The Election Commission has also asked the concerned authorities to suspend a few officials including the deputy commissioner of Sialkot, the district police officer, and the assistant commissioner of Daska.
On 23 February 2021, according to a news report (The News), the Returning Officer (RO) of NA-75 Daska by-poll had claimed that “the Daska by-election results were altered as presiding officers of 23 polling stations were seemingly found involved in rigging.” According to him, out of the 360 polling stations, results of 305 polling stations were received by 0200 hrs, and 337 polling stations had been recorded by 0330 hrs. However, in the above 23 polling stations, the results were delayed and the presiding officers were
Inaccessible. Later the presiding officers had stated that they lost their way due to fog, and their mobile phones did not have power.
On 28 February, according to another news report (Dawn), the Punjab government, following the ECP order, has suspended the Daska Assistant Commissioner and two deputy superintendents of police (DSPs).
What is the background?
First, the Daska national assembly constituency (NA-75). Daska is one of the four tehsils in the Sialkot district in Punjab, and one of the five national assembly constituencies in the district. The Daska National Assembly has been a PML-N fortress since the 2008 elections. In 2018, the PML-N (Syed Iftikharul Hassan Shah) had polled more than 101,000 (Ali Asjad Malhi) votes, when compared to the PTI’s 610,000 plus votes. A long term leader of the PML-N, Iftikharul Shah died in August 2020, leading to the by-poll last week on 21 February 2021; his daughter Nosheen Iftikhar was nominated by the PML-N as the party candidate. The PPP withdrew its candidate, supporting the PML-N in Daska. Ali Asjad Malhi, who had lost the same seat in 2018 was nominated again by the PTI. When the constituency went to the elections, clearly it was a two-front contest between the PML-N and the PTI.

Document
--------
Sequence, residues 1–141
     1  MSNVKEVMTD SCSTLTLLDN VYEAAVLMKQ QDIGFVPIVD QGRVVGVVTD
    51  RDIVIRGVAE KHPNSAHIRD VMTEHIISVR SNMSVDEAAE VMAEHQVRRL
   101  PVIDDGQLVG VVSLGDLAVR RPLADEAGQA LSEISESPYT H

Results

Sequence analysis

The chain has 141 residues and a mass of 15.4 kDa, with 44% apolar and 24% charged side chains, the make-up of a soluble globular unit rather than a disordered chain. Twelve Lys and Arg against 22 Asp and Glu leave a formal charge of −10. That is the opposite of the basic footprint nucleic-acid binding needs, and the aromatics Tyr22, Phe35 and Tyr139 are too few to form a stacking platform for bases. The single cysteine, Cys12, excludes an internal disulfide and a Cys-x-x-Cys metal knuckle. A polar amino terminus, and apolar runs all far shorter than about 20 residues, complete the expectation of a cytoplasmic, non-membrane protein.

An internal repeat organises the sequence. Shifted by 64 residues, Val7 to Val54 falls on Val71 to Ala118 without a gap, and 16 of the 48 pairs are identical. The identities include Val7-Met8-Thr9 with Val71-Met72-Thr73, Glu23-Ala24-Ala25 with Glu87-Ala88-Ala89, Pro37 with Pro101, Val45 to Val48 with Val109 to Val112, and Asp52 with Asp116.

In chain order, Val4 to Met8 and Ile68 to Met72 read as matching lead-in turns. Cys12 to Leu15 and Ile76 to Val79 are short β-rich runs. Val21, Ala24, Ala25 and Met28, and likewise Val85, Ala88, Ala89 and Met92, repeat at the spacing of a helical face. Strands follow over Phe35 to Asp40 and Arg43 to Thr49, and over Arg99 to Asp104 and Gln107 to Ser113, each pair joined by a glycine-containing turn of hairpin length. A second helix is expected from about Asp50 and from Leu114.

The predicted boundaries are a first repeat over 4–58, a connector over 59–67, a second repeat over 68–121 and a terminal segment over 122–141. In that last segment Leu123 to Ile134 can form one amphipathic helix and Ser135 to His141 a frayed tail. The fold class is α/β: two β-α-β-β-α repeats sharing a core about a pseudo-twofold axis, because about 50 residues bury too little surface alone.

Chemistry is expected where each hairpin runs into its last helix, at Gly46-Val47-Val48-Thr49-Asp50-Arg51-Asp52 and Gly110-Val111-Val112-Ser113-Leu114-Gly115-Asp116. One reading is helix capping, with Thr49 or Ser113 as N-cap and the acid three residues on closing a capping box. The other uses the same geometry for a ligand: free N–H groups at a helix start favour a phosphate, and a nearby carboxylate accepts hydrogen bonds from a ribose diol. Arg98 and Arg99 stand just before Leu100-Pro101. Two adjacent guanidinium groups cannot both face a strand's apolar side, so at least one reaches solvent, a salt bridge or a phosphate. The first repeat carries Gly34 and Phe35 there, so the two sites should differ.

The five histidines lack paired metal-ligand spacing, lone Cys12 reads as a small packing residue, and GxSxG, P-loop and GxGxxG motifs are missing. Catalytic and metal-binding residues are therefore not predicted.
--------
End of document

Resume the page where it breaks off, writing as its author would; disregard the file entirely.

Second, the violence, suspicions, and the missing election officials on 19 February 2021 in Daska. On the day of elections, there was violence in certain polling stations and two people were killed according to initial reports. The Opposition had claimed that in certain places, the polling officers purposefully delayed the voting process. And then, as mentioned above, after the elections got over on Friday, from 23 polling stations the officials went missing for a substantial period.